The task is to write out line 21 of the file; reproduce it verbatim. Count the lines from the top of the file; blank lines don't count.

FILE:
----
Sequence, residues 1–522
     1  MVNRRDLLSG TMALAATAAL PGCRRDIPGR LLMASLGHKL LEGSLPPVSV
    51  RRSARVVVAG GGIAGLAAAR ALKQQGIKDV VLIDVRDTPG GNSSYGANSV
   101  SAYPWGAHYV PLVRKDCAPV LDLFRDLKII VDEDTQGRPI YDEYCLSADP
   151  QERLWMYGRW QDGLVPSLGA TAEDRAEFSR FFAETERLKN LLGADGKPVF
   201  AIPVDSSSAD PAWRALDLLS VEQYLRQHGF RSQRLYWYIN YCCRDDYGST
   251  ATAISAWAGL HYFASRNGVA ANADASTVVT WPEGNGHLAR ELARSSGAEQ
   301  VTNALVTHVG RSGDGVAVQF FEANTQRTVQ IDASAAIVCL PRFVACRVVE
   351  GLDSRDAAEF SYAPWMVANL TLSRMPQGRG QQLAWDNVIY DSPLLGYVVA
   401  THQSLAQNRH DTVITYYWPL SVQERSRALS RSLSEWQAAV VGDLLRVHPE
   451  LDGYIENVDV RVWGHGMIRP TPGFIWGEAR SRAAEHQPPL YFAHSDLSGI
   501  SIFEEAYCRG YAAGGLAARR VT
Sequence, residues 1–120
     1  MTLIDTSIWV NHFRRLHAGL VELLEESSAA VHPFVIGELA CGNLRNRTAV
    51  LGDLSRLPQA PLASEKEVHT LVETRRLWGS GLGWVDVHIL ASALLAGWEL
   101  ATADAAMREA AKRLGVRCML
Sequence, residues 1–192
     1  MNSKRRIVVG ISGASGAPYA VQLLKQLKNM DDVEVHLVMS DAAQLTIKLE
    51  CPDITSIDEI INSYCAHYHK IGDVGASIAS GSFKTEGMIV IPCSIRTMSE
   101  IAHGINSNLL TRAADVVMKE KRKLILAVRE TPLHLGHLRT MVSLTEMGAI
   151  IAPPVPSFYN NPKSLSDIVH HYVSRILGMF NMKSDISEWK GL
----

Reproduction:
   151  IAPPVPSFYN NPKSLSDIVH HYVSRILGMF NMKSDISEWK GL